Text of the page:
Secondly, since the Logos is infinite, eternal, and immutable, he cannot “leave.” The divine nature did not cease to be omnipresent. The Lord was incarnate through the assumption of his human nature to his person. The Logos remained infinite because the Logos is God. The human nature was conceived, grew physically and spiritually and psychologically, died and rose again. So, the Son was on earth, but the Son was also omnipresent. Both these truths exist without contradiction because the two natures exist on different planes of existence. Furthermore, this must be true since the finite cannot contain the infinite. Since the Son is infinite and unchangeable, the Son also could not be separated from the Father. Only the human nature could experience any sort of separation from God.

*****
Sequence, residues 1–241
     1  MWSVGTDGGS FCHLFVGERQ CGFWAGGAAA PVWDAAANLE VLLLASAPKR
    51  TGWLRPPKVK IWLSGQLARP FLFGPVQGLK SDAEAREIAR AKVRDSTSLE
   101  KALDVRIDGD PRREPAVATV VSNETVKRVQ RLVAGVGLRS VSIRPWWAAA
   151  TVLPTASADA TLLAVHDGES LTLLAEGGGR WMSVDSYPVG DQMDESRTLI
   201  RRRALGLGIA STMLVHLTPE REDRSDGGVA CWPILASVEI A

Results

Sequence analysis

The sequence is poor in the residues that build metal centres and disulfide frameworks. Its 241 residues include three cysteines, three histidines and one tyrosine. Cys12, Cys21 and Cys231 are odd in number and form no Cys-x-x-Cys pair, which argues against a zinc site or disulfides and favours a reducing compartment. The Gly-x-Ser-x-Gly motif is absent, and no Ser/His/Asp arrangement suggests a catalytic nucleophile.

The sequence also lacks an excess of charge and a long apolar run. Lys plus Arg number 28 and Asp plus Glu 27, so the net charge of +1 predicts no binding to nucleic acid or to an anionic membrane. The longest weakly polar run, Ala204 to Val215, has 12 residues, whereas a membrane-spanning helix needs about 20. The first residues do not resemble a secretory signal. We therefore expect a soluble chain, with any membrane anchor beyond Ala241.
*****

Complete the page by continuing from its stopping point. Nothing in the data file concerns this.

Christ, True God and True Man, and the Extra-Calvinisticum

“Partitive exegesis” describes the practice of biblical writers when they speak of one nature but not the other. The New Testament will speak of the human nature as limited (growing, developing, hungering, sleeping, dying, etc.). The New Testament also speaks of the divine nature as true God without limitation and full of glory. Both sets of statements are true because both natures exist in the one person of Christ. At other times Christ is spoken of as one person without concern for distinguishing the natures. Acts 20:28, for example, spoke of how Christ “purchased the church with his own blood.” God doesn’t have blood. Humans have blood. Christ, since he has two distinct natures, is both God and human. Only Christ, then, could fulfill what Acts 20:28 requires.